Photograph from Xinhua News showing a Chinese maritime militia ship in 2016. (ctto)

In response to the ongoing presence of over 200 Chinese vessels at Whitsun Reef in the Spratly Islands, the Philippine government filed a diplomatic protest with China earlier this week, demanding that China recall the vessels. Experts, the Philippine government, and the US Department of State have all suggested that this fleet is likely composed of ships from China’s maritime militia, an increasingly professionalized force of ostensible fishermen who answer to a People’s Liberation Army (PLA) chain of command. Despite mounting evidence, Chinese Foreign Ministry Spokesperson Hua Chunying claimed that these vessels are just “fishing boats” that are “taking shelter from the wind.” Likewise, China’s embassy in Manila denied the presence of any maritime militia ships. But even if the vessels in question were civilian fishermen, that would not preclude them from asserting control over Whitsun Reef or other disputed areas of the South China Sea at the behest of the Chinese state.


Thanks to China’s BeiDou satellite navigation system, which has embedded two-way short message service (SMS) capabilities, nearly every civilian fishing vessel operating in the South China Sea can perform maritime surveillance functions. According to a 2013 report from state-run broadcaster China National Radio, “generally, every fishing boat is a militia organization, while they are carrying out production, they must also attend to the mission of situation reporting, when a fishing boat discovers an illegal fishing boat entering into our territorial waters, fishermen can use the BeiDou system to report to the ship monitoring center.” China National Radio claims that, after receiving information from fishermen, the PLA then coordinates with maritime law enforcement forces to deal with the offending foreign vessel. A 2012 assessment from Hainan province confirms that actors in the Chinese party-state system have viewed the combination of BeiDou equipment and ordinary fishermen as an effective means of detecting and handling foreign fishing vessels.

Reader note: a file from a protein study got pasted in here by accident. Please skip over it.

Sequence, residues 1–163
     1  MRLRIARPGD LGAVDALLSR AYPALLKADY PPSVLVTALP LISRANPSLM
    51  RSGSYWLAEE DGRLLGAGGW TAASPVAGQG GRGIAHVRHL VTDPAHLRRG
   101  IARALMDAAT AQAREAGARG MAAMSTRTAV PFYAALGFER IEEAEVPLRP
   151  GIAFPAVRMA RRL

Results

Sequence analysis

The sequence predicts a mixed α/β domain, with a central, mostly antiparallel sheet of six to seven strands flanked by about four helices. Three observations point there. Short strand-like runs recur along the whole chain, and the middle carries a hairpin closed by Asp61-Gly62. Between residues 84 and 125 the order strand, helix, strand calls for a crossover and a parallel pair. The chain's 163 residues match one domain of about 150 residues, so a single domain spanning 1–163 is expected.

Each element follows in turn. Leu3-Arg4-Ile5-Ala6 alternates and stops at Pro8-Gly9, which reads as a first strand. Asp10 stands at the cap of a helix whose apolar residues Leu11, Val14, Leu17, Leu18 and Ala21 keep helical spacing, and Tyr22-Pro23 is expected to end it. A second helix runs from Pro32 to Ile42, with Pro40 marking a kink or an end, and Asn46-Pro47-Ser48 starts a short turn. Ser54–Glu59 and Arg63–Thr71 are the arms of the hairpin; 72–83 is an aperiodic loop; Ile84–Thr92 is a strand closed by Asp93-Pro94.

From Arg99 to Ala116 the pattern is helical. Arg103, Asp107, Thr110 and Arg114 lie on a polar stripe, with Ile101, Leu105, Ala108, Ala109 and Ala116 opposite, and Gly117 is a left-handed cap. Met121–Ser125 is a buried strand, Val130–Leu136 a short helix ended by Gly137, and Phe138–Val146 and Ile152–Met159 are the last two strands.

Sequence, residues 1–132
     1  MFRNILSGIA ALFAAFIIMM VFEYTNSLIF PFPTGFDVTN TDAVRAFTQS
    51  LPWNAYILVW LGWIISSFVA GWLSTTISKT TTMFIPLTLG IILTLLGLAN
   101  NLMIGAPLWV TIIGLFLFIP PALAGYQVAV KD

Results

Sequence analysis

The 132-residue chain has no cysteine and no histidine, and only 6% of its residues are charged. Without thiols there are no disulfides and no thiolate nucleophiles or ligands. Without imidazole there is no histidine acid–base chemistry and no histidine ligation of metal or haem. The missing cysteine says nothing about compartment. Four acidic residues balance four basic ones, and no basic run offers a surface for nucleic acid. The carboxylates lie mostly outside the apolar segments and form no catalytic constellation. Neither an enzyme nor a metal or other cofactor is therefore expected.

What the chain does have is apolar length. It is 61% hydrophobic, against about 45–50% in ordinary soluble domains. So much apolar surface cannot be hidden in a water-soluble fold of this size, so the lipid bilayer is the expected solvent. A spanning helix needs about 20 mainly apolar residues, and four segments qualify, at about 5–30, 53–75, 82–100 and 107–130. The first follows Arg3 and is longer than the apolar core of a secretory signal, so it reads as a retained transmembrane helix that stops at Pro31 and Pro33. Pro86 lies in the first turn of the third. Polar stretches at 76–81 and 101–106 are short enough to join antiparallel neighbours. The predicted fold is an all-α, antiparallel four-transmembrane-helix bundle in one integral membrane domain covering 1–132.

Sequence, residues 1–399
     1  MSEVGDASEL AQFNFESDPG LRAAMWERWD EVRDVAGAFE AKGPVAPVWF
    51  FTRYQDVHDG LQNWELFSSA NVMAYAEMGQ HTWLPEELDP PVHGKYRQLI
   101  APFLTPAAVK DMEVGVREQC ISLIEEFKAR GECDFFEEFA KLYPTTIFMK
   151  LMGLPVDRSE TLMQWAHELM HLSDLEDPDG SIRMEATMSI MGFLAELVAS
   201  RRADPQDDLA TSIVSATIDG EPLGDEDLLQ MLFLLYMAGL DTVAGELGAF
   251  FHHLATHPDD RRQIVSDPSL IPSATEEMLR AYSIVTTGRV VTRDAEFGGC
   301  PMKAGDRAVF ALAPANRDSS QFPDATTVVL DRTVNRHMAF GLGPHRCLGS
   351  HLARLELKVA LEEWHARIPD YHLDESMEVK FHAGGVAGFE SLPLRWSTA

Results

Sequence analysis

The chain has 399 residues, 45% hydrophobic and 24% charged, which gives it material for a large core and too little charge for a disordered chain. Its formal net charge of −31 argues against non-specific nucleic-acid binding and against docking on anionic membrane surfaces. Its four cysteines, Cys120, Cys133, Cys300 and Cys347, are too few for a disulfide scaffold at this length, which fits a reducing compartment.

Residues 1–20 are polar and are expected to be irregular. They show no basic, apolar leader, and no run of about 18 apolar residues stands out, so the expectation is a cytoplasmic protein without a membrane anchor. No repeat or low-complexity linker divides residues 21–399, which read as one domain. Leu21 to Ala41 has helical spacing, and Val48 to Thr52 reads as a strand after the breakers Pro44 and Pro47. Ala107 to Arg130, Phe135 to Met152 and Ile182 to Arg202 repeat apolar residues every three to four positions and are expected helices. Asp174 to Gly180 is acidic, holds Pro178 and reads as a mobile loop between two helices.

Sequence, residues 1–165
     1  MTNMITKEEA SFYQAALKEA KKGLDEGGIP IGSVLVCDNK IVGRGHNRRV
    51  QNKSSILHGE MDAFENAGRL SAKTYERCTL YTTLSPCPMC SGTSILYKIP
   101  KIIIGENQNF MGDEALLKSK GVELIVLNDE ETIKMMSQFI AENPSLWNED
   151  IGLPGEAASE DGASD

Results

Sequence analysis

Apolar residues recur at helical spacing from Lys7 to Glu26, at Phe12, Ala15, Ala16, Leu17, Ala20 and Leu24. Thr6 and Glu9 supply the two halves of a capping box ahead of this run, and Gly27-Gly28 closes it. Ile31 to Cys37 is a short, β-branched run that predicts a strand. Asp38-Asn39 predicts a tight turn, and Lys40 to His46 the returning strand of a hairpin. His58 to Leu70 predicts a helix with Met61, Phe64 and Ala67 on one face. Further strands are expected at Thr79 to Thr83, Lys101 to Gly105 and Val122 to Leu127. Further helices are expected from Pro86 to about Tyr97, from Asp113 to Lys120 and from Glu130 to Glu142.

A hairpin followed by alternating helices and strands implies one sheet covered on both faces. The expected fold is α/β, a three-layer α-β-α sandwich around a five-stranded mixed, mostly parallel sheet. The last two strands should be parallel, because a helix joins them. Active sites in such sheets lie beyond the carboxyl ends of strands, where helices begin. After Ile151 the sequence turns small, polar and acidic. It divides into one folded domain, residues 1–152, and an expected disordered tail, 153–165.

This maritime surveillance role for ordinary fishermen was made possible by over a decade of investments in BeiDou-related communications infrastructure in the South China Sea. In 2007, the PRC Ministry of Agriculture—which had managed China Fisheries Law Enforcement before the agency was merged into the China Coast Guard—completed a BeiDou-based fisheries monitoring system in the Spratly Islands, which included building 11 ground stations and equipping over 600 fishing vessels with satellite equipment. Moreover, in 2010 Hainan province launched an initiative outfit fishing vessels with BeiDou. It aimed to equip over 6,000 fishing vessels with Beidou by the end of 2012; by the end of 2016, over 10,000 vessels had reportedly received the equipment. After recent investments in navigation infrastructure, China appears to have achieved 100 percent BeiDou coverage in the Paracel Islands, Spratly Islands, and other claimed areas. (Click here to read more…)